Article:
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GR NO. 213014
OCTOBER 14, 2015

On December 15, 1980, Spouses Tarrosa obtained from Maybank a loan in the amount of Php91,000.
The loan was secured by a real estate mortgage dated January 5, 1981 over a 500-square meter
parcel of land situated in San Carlos City, Negros Occidental (subject property).

Sometime in March 1983, Spouses Tarrosa obtained another loan from Maybank in the amount of
Php60,000 (second loan), payable on March 11, 1984. However, Spouses Tarrosa failed to settle the
second loan upon maturity.

Sometime in April 1998, Spouses Tarrosa received a final demand letter dated March 4, 1998 from
Maybank requiring them to settle their outstanding loan in the aggregate amount of Php564,579.91,
inclusive of principal, interests, and penalty charges.

On June 25, 1998, Maybank commenced extrajudicial foreclosure proceedings before the office of
Sheriff Villanueva. The subject property was eventually sold in a public auction sale held on July 29,
1998 for a total bid price of Php 600,000 to the highest bidder, Philmay Property, Inc (PPI), which was
thereafter issued a Certificate of Sale dated July 30, 1998.

On September 7, 1998, Spouses Tarrosa filed a complaint for declaration of nullity and invalidity of the
foreclosure of real estate mortgage and of public auction sale proceedings and damages with prayer
for preliminary injunction against Maybank, PPI, Sheriff Villanueva, and the Registry of Deeds of San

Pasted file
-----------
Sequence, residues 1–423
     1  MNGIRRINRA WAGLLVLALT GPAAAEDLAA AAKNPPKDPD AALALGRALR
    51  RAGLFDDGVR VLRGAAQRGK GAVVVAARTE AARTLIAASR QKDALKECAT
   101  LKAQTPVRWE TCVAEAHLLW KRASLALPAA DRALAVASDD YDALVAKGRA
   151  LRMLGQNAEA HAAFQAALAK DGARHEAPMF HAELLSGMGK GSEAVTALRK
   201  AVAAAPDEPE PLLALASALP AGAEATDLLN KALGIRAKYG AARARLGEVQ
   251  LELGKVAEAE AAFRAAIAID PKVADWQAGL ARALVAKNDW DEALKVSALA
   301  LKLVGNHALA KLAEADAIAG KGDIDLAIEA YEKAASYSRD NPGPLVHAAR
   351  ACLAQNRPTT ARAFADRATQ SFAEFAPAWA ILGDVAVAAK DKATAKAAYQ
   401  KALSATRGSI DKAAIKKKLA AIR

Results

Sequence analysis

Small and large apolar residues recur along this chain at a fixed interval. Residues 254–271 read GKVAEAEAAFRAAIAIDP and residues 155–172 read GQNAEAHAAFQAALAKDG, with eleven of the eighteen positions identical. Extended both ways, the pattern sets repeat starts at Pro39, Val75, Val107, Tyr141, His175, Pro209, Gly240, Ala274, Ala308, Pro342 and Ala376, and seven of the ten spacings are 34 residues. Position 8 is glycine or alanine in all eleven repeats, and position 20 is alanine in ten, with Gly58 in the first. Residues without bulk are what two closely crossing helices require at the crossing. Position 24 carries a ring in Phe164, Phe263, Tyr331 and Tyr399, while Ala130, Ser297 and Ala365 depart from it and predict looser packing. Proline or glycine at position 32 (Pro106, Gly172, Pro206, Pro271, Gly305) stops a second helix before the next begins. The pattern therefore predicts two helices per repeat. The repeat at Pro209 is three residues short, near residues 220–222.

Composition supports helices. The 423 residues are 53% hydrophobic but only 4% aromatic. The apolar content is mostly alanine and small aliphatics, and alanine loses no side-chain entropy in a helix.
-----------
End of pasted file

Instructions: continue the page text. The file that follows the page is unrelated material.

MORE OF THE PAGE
Carlos City, Negros Occidental (RD-San Carlos), before the RTC. They averred that Maybank's right
to foreclose had prescribed or is barred by laches.

On the other hand, Maybank and PPI countered that Spouses Tarrosa's positive acknowledgment and
admission of their indebtedness controverts the defense of prescription.

RTC ruled that Maybank's right to foreclose, reckoned from the time the mortgage indebtedness
became due and payable on March 11, 1984, had already prescribed, considering the lack of any
timely judicial action, written extrajudicial demand or written acknowledgment by the debtor of his debt
that could interrupt the prescriptive period.

CA affirmed the RTC ruling that Maybank's right to foreclose the real estate mortgage over the subject
property is already barred by prescription. It held that the prescriptive period should be reckoned from
March 11, 1984 when the second loan had become past due and remained unpaid.

Whether or not Maybank's right to foreclose the real estate mortgage over the subject property was
barred by prescription

An action to enforce a right arising from a mortgage should be enforced within ten (10) years from the
time the right of action accrues, or when the mortgagor defaults in the payment of his obligation to the
mortgagee; otherwise, it will be barred by prescription and the mortgagee will lose his rights under the
In order that the debtor may be in default, it is necessary that: (a) the obligation be demandable and
already liquidated; (b) the debtor delays performance; and (c) the creditor requires the performance
judicially or extrajudicially, unless demand is not necessary – when there is an express stipulation to
that effect; where the law so provides; when the period is the controlling motive or the principal
inducement for the creation of the obligation; and where demand would be useless. Thus, it is only
when demand to pay is unnecessary in case of the aforementioned circumstances, or when required,
such demand is made and subsequently refused that the mortgagor can be considered in default and
the mortgagee obtains the right to file an action to collect the debt or foreclose the mortgage.

In the absence of showing that demand is unnecessary for the loan obligation to become due and
demandable, Maybank's right to foreclose the real estate mortgage accrued only after the lapse of the
period indicated in its final demand letter dated March 4, 1998. Both CA and RTC committed
reversible error in declaring that Maybank's right to foreclose the real estate mortgage had already